The average 8- to 10-year-old spends nearly 8 hours a day with a variety of different media, and older children and teenagers spend more than 11 hours per day, according to a study cited by the American Academy of Pediatrics.
“It can be hard for parents to manage media use when temptations are all around,” notes Lisa Sperry, RN, BSN, MHA, CCRN, Director of the Children’s Medical Center at Summerlin Hospital. “Knowing the risks and recommendations is a good place to start.”
What are the risks?
Excessive time spent looking at TV screens, computers and other electronic devices has been linked to a number of problems, such as eye strain and loss of social skills. The National Institutes of Health (NIH) notes that too much screen time can:
- Make it hard for your child to sleep at night. Blue light from electronics is said to prevent the release of melatonin, a hormone that tells your body it’s time to sleep.
- Increase your child's risk of obesity. Sitting, snacking and exposure to unhealthy food advertisements can contribute to weight gain and other related problems like high blood pressure and increased risk of type 2 diabetes.
- Raise your child’s risk of attention problems, anxiety and depression. Screen time can take away from socializing, reading or athletic activities, which can protect against depression, a ScienceDaily article on teen media exposure notes.
Online bullying or "cyber bullying," can be another concern. A survey conducted by researchers at the NIH found that higher depression reported cyber victims underscores the need to monitor and obtain treatment when cyber bullying occurs.
“If you feel your child is experiencing depression or other mental health issues due to cyber bullying or for another reason, we can help you get the support you need,” says Sperry. “Spring Mountain Treatment Center, which is affiliated with Summerlin Hospital, provides 24-hour mobile assessments and referrals for pediatric patients.”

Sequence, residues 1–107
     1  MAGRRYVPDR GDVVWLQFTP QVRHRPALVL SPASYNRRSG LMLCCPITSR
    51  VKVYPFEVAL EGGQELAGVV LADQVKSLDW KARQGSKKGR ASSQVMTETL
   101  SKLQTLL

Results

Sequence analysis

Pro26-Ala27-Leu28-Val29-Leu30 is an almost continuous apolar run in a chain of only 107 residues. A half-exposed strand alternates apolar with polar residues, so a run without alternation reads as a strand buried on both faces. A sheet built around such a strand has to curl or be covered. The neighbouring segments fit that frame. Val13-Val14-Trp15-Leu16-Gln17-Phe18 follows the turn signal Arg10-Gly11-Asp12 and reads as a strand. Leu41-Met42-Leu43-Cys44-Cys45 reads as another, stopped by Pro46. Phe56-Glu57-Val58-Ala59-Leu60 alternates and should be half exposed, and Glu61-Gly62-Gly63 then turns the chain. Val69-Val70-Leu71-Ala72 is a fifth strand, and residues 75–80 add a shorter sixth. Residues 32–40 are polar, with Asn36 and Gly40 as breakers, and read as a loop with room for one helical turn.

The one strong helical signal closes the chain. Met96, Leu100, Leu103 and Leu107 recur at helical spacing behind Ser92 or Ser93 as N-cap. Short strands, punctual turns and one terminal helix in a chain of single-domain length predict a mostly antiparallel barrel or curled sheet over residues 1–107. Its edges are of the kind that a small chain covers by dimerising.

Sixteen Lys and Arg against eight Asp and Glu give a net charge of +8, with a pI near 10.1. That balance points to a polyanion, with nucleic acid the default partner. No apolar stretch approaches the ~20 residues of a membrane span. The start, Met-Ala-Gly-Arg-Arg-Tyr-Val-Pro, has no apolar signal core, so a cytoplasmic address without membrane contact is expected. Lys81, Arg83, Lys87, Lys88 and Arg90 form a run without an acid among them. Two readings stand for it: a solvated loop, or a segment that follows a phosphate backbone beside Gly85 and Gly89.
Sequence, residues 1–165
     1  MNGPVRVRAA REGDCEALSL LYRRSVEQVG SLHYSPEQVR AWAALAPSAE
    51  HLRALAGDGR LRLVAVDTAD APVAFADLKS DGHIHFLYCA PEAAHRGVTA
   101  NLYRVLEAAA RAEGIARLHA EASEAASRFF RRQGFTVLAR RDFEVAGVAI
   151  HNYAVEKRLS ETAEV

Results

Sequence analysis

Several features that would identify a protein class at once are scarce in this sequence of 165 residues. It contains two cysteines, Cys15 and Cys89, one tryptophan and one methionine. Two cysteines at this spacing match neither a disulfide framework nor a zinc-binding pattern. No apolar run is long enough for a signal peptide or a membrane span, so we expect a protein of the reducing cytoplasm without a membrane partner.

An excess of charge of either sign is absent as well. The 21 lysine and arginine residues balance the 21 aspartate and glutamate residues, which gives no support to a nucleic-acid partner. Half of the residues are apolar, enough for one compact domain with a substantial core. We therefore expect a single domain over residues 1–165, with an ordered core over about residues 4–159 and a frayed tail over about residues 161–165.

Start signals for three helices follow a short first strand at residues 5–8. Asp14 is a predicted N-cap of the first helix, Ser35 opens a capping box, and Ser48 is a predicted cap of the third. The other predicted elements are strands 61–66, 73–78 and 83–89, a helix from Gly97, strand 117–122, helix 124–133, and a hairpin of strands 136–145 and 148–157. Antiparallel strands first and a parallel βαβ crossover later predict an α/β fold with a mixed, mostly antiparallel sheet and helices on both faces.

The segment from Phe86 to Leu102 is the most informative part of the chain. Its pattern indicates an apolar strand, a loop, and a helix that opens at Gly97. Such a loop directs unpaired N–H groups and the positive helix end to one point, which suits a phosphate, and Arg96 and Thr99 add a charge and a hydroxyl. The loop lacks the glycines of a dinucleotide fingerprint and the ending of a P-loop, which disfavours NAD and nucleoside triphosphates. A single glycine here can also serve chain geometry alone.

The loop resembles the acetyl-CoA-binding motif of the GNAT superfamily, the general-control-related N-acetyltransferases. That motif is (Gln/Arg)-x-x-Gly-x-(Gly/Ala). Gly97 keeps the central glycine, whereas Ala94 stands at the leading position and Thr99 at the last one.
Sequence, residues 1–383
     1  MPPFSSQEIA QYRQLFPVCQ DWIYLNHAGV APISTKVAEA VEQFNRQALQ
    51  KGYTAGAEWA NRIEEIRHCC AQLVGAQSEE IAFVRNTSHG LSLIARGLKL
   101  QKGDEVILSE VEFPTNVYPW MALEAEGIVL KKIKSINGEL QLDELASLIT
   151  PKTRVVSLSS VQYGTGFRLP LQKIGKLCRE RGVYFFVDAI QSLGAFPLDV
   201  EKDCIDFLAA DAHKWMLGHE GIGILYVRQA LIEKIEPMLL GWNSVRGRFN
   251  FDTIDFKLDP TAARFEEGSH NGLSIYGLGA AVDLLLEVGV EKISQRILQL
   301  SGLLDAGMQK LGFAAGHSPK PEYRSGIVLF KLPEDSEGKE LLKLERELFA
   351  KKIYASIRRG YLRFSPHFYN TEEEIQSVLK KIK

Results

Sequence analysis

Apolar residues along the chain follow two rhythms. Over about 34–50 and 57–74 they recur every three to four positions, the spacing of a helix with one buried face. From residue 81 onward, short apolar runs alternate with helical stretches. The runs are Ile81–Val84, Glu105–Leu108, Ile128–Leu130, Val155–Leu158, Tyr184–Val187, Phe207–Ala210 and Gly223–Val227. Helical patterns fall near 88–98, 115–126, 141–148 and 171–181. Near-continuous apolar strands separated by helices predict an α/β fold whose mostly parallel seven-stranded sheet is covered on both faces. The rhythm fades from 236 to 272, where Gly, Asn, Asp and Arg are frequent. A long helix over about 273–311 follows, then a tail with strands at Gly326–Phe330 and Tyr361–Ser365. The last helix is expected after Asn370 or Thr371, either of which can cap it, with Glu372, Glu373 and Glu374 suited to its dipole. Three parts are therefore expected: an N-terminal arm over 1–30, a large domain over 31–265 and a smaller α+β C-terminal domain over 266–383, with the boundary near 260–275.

How much is healthy?
The American Academy of Pediatrics (AAP) recommends that parents monitor what media their children use and:
- Limit the amount of entertainment screen time to less than one to two hours per day.
- Discourage screen media exposure for children less than two years of age.
An article on healthychildren.org, from the American Academy of Pediatrics, says that “children up to age 3 learn better from the real world than they do from any screen, especially when it comes to language.”
“Specifically, children are programmed to learn from interacting with other people,” the article notes. “A toddler learns a lot more from banging pans on the floor while you cook dinner than he does from watching a screen for the same amount of time, because every now and then the two of you look at each other.”
“Media can have positive effects, like providing education and offering a way for people to connect with one another,” says Sperry. “The key is to use it responsibly and help your kids do the same.”
If you’re concerned your child may be anxious, depressed or experiencing other negative thoughts or feelings, you can schedule an assessment at Spring Mountain Treatment Center by calling 702-873-2400. All calls are confidential.